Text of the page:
Before the company class (the day before The Neighborhood Ballroom premiere at the Cerritos Center) I ask Villella "So, who are your heroes?" Within a heartbeat, he answers, "Stanley Williams."

With Williams' input and Villella's chutzpah, perhaps the rapid promotion from the Corps to Soloist to Principal Dancer was to be expected. By 1960, Villella was speeding along the stardom expressway with his role in Balanchine's revival of his 1929 masterpiece, Prodigal Son. The stellar perks of the profession included dance invitations from four presidents.

I inquire, "How did you like performing at the White House?"

Villella chuckles. "The White House is not a theatre. It's very exciting. But it's a limited facility!"

Villella's joviality is replaced with awe as he declares, "Dancing an encore at the Bolshoi Ballet in Moscow in October 1962 (the same month of the Cuban Missile Crisis!) I believe is one of the highlights of my career." As far as Villella knows, he remains the only American ever to receive a request for an encore at the Bolshoi.

In addition to citizens of the former USSR, Villella gifted Americans "with a slice of culture." Despite the discomfort of jumping on TV studio cement floors, Villella enthusiastically performed on programs such as Ed Sullivan and Carol Burnett.  Why endure the pain? "My wish was to provide education in an emerging art form - neoclassical ballet."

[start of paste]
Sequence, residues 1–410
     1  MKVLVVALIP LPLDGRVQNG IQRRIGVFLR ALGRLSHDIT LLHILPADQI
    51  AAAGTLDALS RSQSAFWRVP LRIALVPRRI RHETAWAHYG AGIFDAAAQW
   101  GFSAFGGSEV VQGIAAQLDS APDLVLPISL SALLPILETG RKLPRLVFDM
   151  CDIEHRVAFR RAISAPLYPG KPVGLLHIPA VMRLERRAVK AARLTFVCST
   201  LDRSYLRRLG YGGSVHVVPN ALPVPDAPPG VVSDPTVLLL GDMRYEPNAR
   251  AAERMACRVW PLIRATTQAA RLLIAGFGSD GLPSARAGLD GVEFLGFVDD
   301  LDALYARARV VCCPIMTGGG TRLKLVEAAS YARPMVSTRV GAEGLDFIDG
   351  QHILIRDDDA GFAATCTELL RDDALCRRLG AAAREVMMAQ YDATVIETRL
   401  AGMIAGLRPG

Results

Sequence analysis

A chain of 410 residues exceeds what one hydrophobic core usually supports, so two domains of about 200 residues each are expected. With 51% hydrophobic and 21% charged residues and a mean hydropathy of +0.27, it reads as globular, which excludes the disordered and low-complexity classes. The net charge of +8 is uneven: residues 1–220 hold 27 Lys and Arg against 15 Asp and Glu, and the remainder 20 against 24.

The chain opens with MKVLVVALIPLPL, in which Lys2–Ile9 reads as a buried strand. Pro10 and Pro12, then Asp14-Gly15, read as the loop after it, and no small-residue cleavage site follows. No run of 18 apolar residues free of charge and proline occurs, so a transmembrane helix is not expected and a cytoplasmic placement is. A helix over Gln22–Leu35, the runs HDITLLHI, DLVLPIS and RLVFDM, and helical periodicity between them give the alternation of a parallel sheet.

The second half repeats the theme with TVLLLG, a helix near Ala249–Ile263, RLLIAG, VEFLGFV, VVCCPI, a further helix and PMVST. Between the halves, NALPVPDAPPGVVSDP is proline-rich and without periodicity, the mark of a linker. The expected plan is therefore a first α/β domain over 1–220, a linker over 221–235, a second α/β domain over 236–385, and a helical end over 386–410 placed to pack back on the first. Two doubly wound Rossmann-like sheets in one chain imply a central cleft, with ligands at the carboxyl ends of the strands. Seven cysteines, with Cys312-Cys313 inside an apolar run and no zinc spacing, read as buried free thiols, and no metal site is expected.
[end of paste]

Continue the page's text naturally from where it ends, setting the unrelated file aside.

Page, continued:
Villella's sincere desire to share the enchantments of dance led to producing and directing a PBS Dance in America series. In 1975, the multitalented artist snagged an Emmy for Harlequin, an episode of The CBS Festival of Lively Arts for Young People. Besides his visits to tinsel town, Villella traveled all over the U.S.A. to spread the good word about his beloved art form. From universities to military academies (West Point!), Villella performed the rites of Visiting Artist.

When presented with the mantle of MCB's Founding Artistic Director in 1986, he balked. Villella was reluctant to bid adieu to his New York roots. Upon investigation, however, he was delighted to discover that Miami was not a "cultural wasteland."  The New Yorker figured he could "hit a homerun."  And he did!